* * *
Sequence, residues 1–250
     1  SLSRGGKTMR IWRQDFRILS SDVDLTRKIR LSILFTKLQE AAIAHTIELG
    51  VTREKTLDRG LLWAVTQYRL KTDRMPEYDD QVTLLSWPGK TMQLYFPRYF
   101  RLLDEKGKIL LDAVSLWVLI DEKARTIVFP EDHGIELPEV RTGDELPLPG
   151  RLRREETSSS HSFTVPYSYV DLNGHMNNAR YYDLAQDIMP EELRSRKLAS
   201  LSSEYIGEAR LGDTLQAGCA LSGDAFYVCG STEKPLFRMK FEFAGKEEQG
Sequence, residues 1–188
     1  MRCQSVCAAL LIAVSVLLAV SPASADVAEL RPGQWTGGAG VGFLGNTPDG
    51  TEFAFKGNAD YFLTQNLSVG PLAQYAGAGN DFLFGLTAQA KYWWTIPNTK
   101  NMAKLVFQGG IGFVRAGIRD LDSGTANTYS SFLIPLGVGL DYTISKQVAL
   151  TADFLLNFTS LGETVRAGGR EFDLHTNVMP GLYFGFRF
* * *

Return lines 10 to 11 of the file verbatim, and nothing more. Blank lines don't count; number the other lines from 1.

   101  NMAKLVFQGG IGFVRAGIRD LDSGTANTYS SFLIPLGVGL DYTISKQVAL
   151  TADFLLNFTS LGETVRAGGR EFDLHTNVMP GLYFGFRF